Limerick, Dublin, Bologna: Tony’s Story

Hill Walking, The Burren

Tony (second from left) in his element.

I was born in Limerick city a few decades ago. I am quite proud of my birth place. My full name is Anthony Gerard Martin John Kirby. My father was extravagant when it came to naming me. His own name was Alf and I remember him being described as a “charismatic insurance salesman” in a book on the life of actor Richard Harris. My father passed away in 1977. My mother did likewise two and a half years ago at the age of 99 .
I studied French and English literature in University College Dublin in the late 1970s. I graduated without distinction but the education did give me an enduring love for words and languages. Whilst in college I happened to sit a civil service exam. I remember meeting the comic genius, the late Dermot Morgan, in the exam hall that day. He was a good friend of my cousin. I got the call to work for the state after I left college. I became a public servant. Morgan didn’t. Sometime later he became Father Ted in the eponymous and wildly successful TV comedy series.
Thankfully my public service did not stretch to licking envelopes or asking people their mothers’ maiden name . However, the job did not enthrall me either.  I finally invoked an escape clause and made good for Italy. A five year long sabbatical. I taught English as a foreign language in the medieval city of Bologna. I also spent one sublime summer in the city of Matera – a world UNESCO heritage site. Five years is the career break limit so I opted for the Irish public service again when the sabbatical expired. I returned to Dublin in 1997. I still miss Italia.
DUBLIN AGAIN
On my return to Ireland, Italian friends would visit on occasion. My visitors were keen to learn of Irish history and heritage and I was glad to guide them around town and share information with them. Therefrom came the idea of guided walking tours of Dublin city on foot in Italiano. My life as a walking tourism operator had begun. Extremely modest beginnings – I took occasional half days from the government job in high season to run the tiny enterprise. However, my love for the life as a cicerone was born. Around 2000 I met a woman called Eimer. We started a story. After a while she proposed a new life in the west of Ireland. I was to take my second and last career break from the public service.

Burren Wall, Autumn Colours
THE BURREN
We came to County Clare for the music but we stayed for lots of other reasons as well. I made a slow, uncertain start to life in the west without my permanent, pensionable job. However, I finally drummed up the confidence to launch a small rural business, Heart of Burren Walks. I became a full-time walking tourism operator. Eimer and I spent a month on the Fanore coast when we arrived in Clare. That was followed by a couple of years in the Burren interior, in the hills near the village of Carran. Home for the last nine years has been Kilnaboy. It is situated in the south-east of the Burren. I have the good fortune that the Burren National Park is located in Kilnaboy. It is one of only six National Parks in the Republic of Ireland and is magnificent walking country.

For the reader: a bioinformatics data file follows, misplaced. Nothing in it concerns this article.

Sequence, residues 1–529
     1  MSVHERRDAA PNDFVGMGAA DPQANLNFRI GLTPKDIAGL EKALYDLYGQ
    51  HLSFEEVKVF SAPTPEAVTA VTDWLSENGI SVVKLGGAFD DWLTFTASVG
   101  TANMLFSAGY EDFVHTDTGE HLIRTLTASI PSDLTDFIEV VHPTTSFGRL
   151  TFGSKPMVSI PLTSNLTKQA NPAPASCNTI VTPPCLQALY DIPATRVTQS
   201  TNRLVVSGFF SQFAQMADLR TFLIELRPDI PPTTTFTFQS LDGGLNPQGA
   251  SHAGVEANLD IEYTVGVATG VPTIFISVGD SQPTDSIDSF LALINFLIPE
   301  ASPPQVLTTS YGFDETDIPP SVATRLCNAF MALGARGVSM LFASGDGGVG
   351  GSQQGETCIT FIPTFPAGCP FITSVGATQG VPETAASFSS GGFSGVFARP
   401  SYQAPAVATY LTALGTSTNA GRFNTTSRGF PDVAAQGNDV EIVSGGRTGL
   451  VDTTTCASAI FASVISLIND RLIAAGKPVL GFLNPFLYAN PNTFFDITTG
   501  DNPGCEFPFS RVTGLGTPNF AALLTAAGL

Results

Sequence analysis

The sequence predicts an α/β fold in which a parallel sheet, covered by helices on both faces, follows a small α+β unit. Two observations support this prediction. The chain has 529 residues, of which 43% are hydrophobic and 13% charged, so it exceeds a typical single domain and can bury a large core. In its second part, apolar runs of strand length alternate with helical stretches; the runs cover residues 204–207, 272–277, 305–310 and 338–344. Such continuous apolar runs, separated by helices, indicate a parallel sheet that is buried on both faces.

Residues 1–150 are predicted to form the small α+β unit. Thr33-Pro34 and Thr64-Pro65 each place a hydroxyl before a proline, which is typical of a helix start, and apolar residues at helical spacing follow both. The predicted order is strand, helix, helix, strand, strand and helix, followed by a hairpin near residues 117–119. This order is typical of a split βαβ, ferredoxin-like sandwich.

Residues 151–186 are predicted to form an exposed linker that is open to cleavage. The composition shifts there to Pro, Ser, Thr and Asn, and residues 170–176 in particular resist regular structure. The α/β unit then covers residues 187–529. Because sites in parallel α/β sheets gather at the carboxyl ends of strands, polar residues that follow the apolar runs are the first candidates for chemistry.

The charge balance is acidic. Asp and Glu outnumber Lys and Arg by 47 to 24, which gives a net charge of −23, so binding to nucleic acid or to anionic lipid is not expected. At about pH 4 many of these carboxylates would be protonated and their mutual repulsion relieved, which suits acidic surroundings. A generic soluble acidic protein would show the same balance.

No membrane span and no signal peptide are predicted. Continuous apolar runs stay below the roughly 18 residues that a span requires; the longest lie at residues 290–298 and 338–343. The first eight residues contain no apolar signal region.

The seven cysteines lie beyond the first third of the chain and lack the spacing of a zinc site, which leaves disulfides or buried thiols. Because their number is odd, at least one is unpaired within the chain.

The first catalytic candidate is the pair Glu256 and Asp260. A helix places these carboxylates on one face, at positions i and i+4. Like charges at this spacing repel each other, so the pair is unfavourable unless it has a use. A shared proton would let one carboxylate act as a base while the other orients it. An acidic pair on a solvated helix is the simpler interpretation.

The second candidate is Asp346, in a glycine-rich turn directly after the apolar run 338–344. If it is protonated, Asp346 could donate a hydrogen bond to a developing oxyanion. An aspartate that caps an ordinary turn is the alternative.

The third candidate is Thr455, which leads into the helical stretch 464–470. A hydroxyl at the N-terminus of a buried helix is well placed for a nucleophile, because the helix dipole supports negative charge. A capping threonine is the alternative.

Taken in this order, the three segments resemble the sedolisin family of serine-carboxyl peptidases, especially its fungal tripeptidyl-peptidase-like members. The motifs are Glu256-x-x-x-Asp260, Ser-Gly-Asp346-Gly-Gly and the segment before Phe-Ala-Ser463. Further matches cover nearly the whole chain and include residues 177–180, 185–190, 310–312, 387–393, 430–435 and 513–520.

My working year extends largely from April to September. Thankfully May to August are four very busy months. April and September are so called “shoulder months”. A longer working year would be more attractive financially but might drain my energy levels. So I am quite happy with the shorter year as I can give it my very best shot.
The job is quite a privilege. My workplace is the outdoors in the Burren – a region of austere and natural beauty which is exceedingly rich in heritage.  Moreover, I meet people from all over the planet – a truly cosmopolitan job even though there is no foreign travel involved. Finally, the most exciting aspect of the work is the journey for knowledge i.e. learning new things. There is every discipline on the Burren hills from Archaeology to Zoology. It is a library without end, amen. It  is pure exciting any time I learn new things about the landscape. The jigsaw will never be complete but the thrill is joining pieces together from time to time. To paraphrase the outstanding contemporary Irish poet Thomas Kinsella – I read the landscape with what grace I can/Not young, and not renewable, but man.
HERE AND NOW
My main interest in the region is the holy wells, sacred sites and pilgrim paths.  The Burren is a very rich penitential landscape and a lot of the archaeology of pilgrimage remains intact. I have written one book “The Burren and the Aran Islands A Walking Guide” (Collins Press ; 2009). A revised edition reached the shops this August.
Eimer and I have two sons now. They are Seanán Thokozani (7 years) and Oisín Alfonso (3 years). Eimer lived in Malawi for three years. Thokozani means “we thank you” in Chichewa, one of Malawi’s two official languages. Oisín’s second name is Alfonso as form of homage to his grand dad, the charismatic insurance salesman he never met.

FOOTNOTES
1)       Bologna is the capital of the Emilia-Romagna region in the north of Italy. Matera is in the Basilicata region in the south of the country
2)      Italy has 50 UNESCO World Heritage Sites – more than any other country in the world. There are two sites in the Republic of Ireland – Sceilig Mhichíl (Skellig Michael), County Kerry and Brú Na Bóinne (archaeological ensemble on the river Boyne), County Meath
3)     Cicerone – a person who conducts and informs sightseers ; a tour guide. Origin – after Cicero alluding to his eloquence and erudition.
4)     The Republic of Ireland’s five other National Parks are Connemara, Wicklow, Glenveagh (Donegal), Killarney and Ballycroy (Mayo).
5)     Thomas Kinsella, poet, was born in 1928. “The integrity of his remarkable career is confirmed in the two sides of his work, the translations from the Irish language and the significant and singular achievement of his own poetry.” Maurice Harmon, Professor Emeritus, Anglo-Irish Literature, U.C.D. The Collected Poems 1956-1994 by Thomas Kinsella is published in the series Oxford Poets.